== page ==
Archives for category: integrity in politics

BOYCOTTS

In these hyper-partisan times it’s a chore to keep track of all the personalities, shows and businesses I have to boycott. There’s Papa John’s mediocre pizza due to its owner’s odious positions against raising the minimum wage and universal health insurance. There’s Fox News, the inventor of “we deceive and you believe,” and my related disinclination to watch anything on a Fox station that might incidentally benefit the Murdoch family, the owners. There is, of course, anything owned or supported by any Trump. Ivanka’s products don’t interest me nor do the con man’s golf courses or ugly ties, garish hotels and failing casinos. Thus, while I boycott the foregoing businesses, these are not painful sacrifices. It’s like skipping cigarettes or broccoli rabe, products I skip in the absence of moral or political motivations. I simply don’t like them.

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A dilemma is presented by Chick-fil-A. Here’s the problem: Several years ago, when taking cheap shots didn’t appear to have negative consequences, Chick-fil-A’s bible-thumping owners expressed their feelings against marriage equality and gay rights, in general. They helped fund a referendum their preferred political party used in a cynical (and successful) effort to prod their old and hateful core to vote.

After a backlash, the owners retreated behind a semi-sincere effort to “not offend anyone” and have been circumspect and non-controversial in a corporate way ever since. But I’m confident the owners of the company continue to harbor views I would consider hurtful and would express them openly if it didn’t cost them money. In addition, I’m certain whom they supported for president. I tend to wish for nothing but failure for such people. Accordingly, I know I should continue to boycott their restaurants.

Unfortunately, my new home is only one minute from a Chick-fil-A. I pass the building nearly every day, often more than once. When I returned late from a long tennis match hungry for lunch, and didn’t wish to drive out of my way, I recently offered myself an indulgence. “Just once,” I rationalized, “you can go to Chick-fil-A. Maybe they’ve changed. It’s proper to forgive and forget, at least occasionally.” (Even as I thought that last thought, I knew it didn’t sound like me; I didn’t really believe it, and I knew I was simply justifying an indefensible moral position).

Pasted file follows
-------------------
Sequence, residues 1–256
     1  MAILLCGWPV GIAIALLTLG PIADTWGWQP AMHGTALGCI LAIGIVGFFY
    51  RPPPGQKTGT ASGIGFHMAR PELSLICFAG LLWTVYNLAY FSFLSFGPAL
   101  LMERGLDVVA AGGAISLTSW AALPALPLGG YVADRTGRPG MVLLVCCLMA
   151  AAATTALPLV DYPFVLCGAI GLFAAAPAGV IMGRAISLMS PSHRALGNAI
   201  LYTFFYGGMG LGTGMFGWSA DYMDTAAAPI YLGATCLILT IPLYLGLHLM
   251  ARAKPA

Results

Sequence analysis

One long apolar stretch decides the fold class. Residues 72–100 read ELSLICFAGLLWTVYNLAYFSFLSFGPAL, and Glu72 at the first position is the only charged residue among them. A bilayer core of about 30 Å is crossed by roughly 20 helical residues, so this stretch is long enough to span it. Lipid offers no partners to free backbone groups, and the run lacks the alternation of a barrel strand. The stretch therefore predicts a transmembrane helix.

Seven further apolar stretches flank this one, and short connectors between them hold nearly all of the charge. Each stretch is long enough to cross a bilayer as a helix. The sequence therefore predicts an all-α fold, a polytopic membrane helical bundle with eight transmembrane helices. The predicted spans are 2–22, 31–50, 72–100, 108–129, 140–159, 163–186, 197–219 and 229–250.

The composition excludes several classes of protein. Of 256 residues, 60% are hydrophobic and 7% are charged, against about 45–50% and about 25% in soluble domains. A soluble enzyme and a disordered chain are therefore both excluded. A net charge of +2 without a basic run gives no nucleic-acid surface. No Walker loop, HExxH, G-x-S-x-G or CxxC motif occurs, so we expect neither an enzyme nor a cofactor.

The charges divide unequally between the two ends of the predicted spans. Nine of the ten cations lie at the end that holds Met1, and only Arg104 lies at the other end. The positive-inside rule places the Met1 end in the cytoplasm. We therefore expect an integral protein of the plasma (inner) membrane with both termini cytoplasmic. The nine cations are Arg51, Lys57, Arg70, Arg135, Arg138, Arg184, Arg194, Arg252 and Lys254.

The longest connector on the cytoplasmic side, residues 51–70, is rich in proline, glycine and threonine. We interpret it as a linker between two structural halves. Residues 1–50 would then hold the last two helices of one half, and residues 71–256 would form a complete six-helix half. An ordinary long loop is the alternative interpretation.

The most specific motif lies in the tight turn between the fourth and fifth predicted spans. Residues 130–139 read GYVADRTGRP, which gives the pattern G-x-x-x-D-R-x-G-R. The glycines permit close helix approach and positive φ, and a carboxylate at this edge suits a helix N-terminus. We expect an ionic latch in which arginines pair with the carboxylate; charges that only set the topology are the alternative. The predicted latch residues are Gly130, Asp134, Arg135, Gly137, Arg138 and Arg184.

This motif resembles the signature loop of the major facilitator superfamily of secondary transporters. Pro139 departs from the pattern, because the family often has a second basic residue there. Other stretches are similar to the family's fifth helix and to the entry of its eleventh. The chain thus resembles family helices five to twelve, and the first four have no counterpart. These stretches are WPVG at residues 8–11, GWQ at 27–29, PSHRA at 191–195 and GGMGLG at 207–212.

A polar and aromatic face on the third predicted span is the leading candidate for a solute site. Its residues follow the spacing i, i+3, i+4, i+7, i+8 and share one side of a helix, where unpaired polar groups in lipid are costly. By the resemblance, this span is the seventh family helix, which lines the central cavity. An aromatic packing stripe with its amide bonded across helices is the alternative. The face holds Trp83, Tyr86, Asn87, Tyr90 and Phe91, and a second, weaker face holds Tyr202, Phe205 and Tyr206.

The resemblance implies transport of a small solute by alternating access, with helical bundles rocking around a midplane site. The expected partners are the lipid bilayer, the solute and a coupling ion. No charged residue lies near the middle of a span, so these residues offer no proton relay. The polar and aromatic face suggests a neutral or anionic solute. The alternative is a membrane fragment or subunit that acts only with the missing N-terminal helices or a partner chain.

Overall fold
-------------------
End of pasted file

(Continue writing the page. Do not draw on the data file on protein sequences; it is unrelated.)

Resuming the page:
As I entered the restaurant, I felt a tinge of embarrassment as though every person there sensed my hypocrisy. I wished I were wearing my “Bernie for President” tee shirt so I wouldn’t be assumed to be among the 71% of Caucasian males who voted for the con man.

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But no one looked at me. I approached the counter. An impossibly cheerful and scrubbed young man wearing a tie asked: “Good afternoon, sir. What would you like?”

Taken aback by his pleasantness, I stumbled, but eventually uttered: “Um, ah, the basic chicken sandwich and fries, please?”

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“Will you be dining in?” he asked.

“Hunh?” I said.

“Will you eat in or take out?” he asked, smiling patiently.

“Oh, I’ll stay, ah, sit, ah, dine here,” I stuttered, hoping my use of “dine” didn’t sound mocking since he really, really seemed sincerely interested in my choice and he really, really seemed to consider what I would be doing with my chicken sandwich and fries to be “dining.”

“And your choice of beverage?” he asked.

“My drink?” I said.

“Yes,” he said.

“Iced tea. Can you mix unsweetened and sweet fifty-fifty?”

“Of course, sir,” he said. “That will be my pleasure. Thank you so much for your order. We’ll bring your meal to your table.”

 

*****

 

My earliest boycott performances were spotty. In middle school, around 1970, I became aware of Cesar Chavez and the campaign to boycott grapes on behalf of the United Farm Workers. Gifted at rationalization, I avoided seeded grapes and red grapes for several years. But I really liked green grapes, and convinced myself they were picked by fairly treated workers.

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Later, when car shopping became relevant to me, I joined many of my co-religionists in not considering a Mercedes or Volkswagen due to their Second World War complicity in the Nazi cause. When my eye caught a cherry red BMW circa 1983, however, I rationalized its purchase on my childhood misunderstanding that BMW was a British company. I knew better by then, but…the car was really beautiful.